Employee engagement rose to 64 percent, a 1 percent increase. The score is derived from answers to individual questions about employees’ leaders, supervisors and work experiences. Beth Cobert, the acting director of the Office of Personnel Management, which administers the survey, said the uptick showed efforts over the past year were paying off.
“Some examples include better internal communication from leaders to employees, more input of employees into how their agencies operate, increased training opportunities and more explicit recognition of a job well done,” she said during a call with reporters.
Responses to 53 of the 71 core survey questions were more positive than a year ago. After plummeting to a five-year low in 2014, employees’ opinions of their senior leaders either stayed steady or rose slightly this year. Thirty-nine percent of those who responded to the survey said their leaders generated high levels of motivation and commitment in the workforce, a 1 percent uptick from last year.
Individual agency results on the questions vary dramatically. For example, while 75 percent of Federal Trade Commission respondents said they trusted their leadership, only 38 percent of those in the Homeland Security Department agreed.
That suggests that each agency needs a tailored strategy, Cobert said.
More than 420,000 federal employees responded to the survey, which was conducted in April and May. Notably, federal employees said they were more satisfied with their involvement in decisions that affect their work. They said they felt more optimistic about their opportunities for training and advancement within their organization.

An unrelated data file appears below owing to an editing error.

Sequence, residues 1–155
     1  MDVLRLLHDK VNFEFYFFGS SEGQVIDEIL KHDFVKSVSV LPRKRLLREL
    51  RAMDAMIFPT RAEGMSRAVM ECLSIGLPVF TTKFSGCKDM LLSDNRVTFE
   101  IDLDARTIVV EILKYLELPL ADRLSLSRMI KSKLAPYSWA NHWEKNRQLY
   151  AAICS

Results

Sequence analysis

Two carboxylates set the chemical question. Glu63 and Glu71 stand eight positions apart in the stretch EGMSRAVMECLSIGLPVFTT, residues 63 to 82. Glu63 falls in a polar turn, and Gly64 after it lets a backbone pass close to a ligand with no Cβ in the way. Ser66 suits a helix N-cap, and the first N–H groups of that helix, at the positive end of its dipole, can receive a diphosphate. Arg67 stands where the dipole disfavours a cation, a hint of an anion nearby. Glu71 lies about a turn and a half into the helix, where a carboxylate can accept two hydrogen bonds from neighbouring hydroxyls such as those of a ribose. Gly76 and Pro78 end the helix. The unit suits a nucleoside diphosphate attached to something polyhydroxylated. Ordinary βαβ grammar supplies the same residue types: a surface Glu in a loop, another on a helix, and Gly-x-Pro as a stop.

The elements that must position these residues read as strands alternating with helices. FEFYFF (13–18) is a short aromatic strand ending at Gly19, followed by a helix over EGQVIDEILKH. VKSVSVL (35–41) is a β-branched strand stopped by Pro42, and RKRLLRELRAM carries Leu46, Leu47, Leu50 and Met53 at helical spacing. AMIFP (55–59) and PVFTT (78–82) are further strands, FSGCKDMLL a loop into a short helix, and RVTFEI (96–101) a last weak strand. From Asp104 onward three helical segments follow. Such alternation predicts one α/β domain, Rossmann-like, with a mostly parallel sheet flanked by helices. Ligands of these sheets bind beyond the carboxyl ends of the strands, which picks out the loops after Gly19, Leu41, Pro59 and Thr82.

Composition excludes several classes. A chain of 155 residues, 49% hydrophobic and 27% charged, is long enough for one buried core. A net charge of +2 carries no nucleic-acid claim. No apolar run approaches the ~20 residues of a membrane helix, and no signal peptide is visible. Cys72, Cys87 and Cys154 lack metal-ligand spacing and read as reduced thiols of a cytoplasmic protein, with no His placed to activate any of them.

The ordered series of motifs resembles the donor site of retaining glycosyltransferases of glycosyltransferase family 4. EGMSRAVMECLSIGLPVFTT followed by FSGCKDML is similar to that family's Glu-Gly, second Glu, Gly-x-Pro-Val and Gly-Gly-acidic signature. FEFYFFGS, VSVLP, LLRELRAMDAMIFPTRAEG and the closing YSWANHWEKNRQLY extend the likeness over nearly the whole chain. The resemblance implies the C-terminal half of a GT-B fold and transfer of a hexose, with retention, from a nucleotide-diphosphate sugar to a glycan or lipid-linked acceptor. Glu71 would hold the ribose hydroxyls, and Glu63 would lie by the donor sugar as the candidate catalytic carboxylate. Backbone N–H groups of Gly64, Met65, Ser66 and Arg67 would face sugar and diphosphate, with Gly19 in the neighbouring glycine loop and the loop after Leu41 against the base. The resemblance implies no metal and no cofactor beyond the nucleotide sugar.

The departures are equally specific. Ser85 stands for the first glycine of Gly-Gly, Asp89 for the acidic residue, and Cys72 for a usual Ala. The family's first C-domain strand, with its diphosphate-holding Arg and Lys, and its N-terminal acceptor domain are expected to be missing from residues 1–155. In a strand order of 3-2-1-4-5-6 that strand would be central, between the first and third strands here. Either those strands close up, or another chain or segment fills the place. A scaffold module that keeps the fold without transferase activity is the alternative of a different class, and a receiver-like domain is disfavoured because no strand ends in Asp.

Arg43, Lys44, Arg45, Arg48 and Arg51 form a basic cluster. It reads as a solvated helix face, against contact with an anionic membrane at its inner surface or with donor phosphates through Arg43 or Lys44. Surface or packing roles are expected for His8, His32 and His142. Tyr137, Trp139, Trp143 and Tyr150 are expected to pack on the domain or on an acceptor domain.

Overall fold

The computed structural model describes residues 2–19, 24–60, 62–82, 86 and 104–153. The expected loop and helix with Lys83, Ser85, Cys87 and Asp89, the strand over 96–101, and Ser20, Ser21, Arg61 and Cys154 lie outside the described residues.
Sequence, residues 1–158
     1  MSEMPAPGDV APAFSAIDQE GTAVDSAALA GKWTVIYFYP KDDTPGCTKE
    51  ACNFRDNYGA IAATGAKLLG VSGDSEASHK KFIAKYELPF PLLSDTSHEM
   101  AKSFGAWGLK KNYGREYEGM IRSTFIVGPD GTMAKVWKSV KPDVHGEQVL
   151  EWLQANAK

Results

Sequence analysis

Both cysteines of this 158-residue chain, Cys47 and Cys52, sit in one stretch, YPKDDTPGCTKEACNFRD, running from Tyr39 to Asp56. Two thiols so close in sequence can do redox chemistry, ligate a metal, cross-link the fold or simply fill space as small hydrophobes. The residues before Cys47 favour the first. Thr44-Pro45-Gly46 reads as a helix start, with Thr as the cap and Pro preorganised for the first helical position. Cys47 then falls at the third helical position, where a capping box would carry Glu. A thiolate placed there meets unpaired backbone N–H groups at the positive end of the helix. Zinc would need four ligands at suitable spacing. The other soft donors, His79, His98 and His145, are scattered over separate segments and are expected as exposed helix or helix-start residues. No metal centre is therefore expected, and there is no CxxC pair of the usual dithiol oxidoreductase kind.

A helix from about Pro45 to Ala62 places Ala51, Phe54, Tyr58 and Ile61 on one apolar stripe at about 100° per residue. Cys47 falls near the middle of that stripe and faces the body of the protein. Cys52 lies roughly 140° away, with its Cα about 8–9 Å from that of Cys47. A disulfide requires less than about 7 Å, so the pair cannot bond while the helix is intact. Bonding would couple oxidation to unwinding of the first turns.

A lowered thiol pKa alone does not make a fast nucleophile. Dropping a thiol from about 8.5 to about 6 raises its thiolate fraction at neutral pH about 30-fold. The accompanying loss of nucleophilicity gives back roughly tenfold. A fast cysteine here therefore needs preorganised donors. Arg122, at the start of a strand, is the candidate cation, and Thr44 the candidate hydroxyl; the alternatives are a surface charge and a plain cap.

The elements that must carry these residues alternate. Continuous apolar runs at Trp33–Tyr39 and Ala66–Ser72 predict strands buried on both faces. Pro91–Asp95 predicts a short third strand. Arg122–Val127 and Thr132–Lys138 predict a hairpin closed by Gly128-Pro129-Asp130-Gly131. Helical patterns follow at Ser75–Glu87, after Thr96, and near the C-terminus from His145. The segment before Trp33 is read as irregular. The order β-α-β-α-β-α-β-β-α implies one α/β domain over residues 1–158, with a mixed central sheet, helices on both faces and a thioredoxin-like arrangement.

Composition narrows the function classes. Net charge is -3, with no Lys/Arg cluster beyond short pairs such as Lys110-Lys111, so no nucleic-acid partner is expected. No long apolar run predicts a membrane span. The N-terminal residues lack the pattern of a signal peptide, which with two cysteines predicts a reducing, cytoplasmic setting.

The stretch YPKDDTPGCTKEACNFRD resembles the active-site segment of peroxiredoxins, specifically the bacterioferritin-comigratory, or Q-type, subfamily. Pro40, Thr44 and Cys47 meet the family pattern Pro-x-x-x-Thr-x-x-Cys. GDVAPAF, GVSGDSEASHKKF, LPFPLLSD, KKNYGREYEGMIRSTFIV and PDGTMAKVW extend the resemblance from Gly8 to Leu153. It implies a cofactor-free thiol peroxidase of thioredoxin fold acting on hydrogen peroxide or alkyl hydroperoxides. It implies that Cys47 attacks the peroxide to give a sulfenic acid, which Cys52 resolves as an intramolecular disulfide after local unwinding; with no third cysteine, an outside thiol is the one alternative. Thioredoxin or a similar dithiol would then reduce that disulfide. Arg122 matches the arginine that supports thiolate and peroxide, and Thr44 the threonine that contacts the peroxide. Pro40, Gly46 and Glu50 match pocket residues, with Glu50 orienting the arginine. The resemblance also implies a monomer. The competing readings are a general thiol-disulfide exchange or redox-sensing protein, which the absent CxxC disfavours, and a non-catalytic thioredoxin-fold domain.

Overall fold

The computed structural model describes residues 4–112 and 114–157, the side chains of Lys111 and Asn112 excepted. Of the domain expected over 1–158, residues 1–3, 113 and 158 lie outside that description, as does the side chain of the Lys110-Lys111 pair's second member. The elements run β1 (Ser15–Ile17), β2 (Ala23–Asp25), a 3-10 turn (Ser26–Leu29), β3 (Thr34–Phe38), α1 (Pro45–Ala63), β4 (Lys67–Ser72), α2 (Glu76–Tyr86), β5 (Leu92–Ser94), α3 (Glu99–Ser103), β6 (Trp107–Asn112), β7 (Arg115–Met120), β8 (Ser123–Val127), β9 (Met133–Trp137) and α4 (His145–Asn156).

Feds haven’t fully recovered from budget uncertainty of recent years
The 2015 results reflect a changed landscape, said John Salamone, a former OPM official who now works with Federal Management Partners.
“The economy is getting better. Agencies have weathered the storm; the pay freezes, hiring freezes and budget cuts, although they’re still living with sequestration,” he said. “But the question is, have they really weathered the storm or adjusted to a new reality?”
Survey results remain far below their peak earlier in the Obama administration. Opinions of senior leaders’ honesty and integrity have sunk 5 percentage points since 2012.
Since then, federal employees have faced a government shutdown, furloughs, hiring freezes and budget uncertainty as Congress struggles to pass spending bills. That atmosphere “is not conducive to people feeling like they’re being respected or able to do their best work,” she said.
“As we’ve had some stability in the last year, we’ve been able to see improvements. People have predictability. They can plan, not just for themselves, but for the programs they’re working on every single day,” she said.
Making greater strides on employee engagement will require sustaining that momentum, she said.
“It’s about capturing that potential as we go forward in a world where people can have the resources they need to do their jobs,” she said. “We are not accepting a new normal. We think we have an immensely talented and dedicated workforce.”
Government must take record strides to meet 2016 engagement goal